long to the era of the little roses, nar
row fringes and puffs. The selvedge
of chiffon cloth cut off and sent to tho
plniter's or else done with patience at
home will save the whole hemming
process. The French also double chif
fon before it is plaited, to avoid hem
ming. The selvedge of some silks may
be used in the same way, and when
the band of a different color along the
edge happens to be in harmony or In
good contrast It has even been chosen
us a decoration for the dress, and al
lowed to go into the frill. Tiny knife
plaitings are made of lace insertions
because the straight edge forms a
more even line than tho scallop of
lace. When insertions are used for
frills, whether gathered or plaited,
they are felled to the gown so that the
pattern mny not be wasted In a seam.
Taffeta ribbon, too, is frequently con
verted into knife plaitings.
Coloring Canvas Shoes.
The "matching" idea is so strong
just now that girls may like to know
that white canvns shoes may be col
ored to match any costume. The pro
cess of dyeing will shrink the shoes,
but they may be successfully painted
with good water-color paint.
Mount the shoes on trees. If you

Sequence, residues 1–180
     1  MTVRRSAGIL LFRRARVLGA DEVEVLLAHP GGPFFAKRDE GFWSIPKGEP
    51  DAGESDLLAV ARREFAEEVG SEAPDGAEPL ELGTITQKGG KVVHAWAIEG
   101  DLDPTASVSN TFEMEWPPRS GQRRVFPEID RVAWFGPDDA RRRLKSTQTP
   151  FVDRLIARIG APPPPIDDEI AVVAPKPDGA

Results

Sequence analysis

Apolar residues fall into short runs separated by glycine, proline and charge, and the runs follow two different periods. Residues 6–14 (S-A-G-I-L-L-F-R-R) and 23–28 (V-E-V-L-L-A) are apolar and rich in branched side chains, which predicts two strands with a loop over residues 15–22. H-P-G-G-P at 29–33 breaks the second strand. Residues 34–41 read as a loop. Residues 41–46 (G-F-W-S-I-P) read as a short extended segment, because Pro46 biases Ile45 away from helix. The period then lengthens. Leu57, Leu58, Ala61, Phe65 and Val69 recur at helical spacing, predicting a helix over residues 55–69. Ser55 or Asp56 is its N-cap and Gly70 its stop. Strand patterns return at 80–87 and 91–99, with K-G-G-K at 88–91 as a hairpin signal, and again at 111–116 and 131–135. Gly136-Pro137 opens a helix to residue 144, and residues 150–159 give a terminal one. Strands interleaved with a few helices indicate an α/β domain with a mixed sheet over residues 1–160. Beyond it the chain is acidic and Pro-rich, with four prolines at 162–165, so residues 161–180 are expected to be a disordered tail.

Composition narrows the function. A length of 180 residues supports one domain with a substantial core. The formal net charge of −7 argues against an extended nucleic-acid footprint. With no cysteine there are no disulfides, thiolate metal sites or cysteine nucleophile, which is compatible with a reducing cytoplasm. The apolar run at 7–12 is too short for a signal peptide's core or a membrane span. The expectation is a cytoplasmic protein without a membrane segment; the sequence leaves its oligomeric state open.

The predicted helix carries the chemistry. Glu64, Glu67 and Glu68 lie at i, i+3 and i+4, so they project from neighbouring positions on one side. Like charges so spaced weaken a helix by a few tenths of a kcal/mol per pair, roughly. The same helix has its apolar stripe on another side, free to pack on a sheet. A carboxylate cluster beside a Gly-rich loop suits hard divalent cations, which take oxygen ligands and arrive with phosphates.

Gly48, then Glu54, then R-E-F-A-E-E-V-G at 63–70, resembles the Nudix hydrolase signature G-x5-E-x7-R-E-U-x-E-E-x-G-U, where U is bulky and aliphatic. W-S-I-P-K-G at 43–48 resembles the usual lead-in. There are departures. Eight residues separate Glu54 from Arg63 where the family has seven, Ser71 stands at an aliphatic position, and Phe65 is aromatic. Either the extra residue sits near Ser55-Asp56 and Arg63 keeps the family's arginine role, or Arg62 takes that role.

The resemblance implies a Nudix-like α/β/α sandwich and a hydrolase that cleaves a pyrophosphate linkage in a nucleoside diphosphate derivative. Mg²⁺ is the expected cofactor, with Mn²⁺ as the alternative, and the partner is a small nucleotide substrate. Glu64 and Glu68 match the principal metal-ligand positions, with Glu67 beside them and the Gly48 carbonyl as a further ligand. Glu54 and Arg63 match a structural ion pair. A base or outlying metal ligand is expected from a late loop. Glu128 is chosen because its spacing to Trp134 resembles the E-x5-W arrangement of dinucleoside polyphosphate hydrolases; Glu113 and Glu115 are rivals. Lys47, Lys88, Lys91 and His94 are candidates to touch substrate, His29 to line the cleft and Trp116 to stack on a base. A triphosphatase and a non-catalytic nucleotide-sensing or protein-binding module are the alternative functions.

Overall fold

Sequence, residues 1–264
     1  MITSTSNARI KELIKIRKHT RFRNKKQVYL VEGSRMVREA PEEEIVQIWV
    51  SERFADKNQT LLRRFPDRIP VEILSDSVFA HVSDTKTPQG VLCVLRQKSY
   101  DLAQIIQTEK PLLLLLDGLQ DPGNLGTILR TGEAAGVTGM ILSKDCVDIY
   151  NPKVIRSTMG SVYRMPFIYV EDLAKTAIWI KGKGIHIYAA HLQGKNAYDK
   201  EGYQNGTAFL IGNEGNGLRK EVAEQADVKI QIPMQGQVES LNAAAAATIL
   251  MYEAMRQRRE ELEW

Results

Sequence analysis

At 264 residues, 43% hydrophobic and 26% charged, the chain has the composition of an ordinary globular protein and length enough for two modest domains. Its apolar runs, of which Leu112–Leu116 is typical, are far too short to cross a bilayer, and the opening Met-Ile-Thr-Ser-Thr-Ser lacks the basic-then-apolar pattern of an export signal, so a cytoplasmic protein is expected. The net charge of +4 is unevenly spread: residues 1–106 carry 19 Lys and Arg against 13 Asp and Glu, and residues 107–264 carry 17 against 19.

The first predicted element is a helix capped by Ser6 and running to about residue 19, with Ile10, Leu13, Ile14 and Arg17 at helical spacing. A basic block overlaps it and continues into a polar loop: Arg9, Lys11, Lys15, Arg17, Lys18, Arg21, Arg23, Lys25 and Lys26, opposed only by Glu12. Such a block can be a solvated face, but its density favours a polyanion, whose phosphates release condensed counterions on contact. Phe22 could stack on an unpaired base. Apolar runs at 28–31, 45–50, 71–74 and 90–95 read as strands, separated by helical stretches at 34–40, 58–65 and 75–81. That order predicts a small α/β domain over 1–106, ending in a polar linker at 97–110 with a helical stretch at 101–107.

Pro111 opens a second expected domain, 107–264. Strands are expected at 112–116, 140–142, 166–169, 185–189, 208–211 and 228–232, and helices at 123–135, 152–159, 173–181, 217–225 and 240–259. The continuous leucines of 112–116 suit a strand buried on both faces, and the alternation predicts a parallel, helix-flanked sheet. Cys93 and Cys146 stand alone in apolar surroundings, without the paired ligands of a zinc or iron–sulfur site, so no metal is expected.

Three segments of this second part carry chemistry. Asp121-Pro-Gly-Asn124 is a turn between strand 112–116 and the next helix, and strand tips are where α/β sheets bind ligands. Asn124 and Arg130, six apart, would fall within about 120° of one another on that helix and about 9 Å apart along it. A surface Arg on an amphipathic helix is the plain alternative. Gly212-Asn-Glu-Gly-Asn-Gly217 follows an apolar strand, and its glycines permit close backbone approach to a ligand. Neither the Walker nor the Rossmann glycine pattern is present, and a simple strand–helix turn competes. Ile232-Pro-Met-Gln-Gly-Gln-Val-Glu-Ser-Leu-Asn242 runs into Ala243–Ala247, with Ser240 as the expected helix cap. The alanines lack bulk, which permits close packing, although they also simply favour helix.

do not own shoe-trees, stuff the shoes
evenly with tissue paper. Then ap
ply the paint with a good-sized bristle
brush or a sponge.
Care should be taken to prepare
sufficient paint before commencing the
painting; the canvas being very ab
sorbent, you will need a generous
amount. As an even tint depends up
on expeditious work, you can readily
see the disadvantage of having tc
stop in the midst of the operation tc
mix more paint.
Chamois Gloves.
Chamois gloves arc again gaining
popularity. They look well in warm
weather and are not half as extrav
sgant as kid ones. They come in
white nnd several shades of yellow.
The wise girl keeps two pairs of
these going at. once, and each daj
washes one pnlr that they may be dry
to wear the following day. To wash
them cold water must bo used and
white soap. Warm or hot water shlrv
els and hardens them.
Put the gloves on and give them a
thorough washing as you would your
hands. To not put them near the heat
while drying.
A Parasol Like an Awning.
One of the latest and greatest odd!
ties in parasols has a modified flat top
(like oriental models) and cut In one
with each gore Is a proportionate lam
brequin, which, joined together at the
seams, falls down to the depth ol
seven or eight Inches nnd Is trimmed
with fringes an inch wide. As th
parnsol is opened and held up for us6
one recognizes the suggestion of an
awning somewhat, and no doubt it
protects the eyes and complexion ad
mirably. Vogue.
Irish Lace Collars.
When- you wash your Irish lace eol
lar, you should always press It while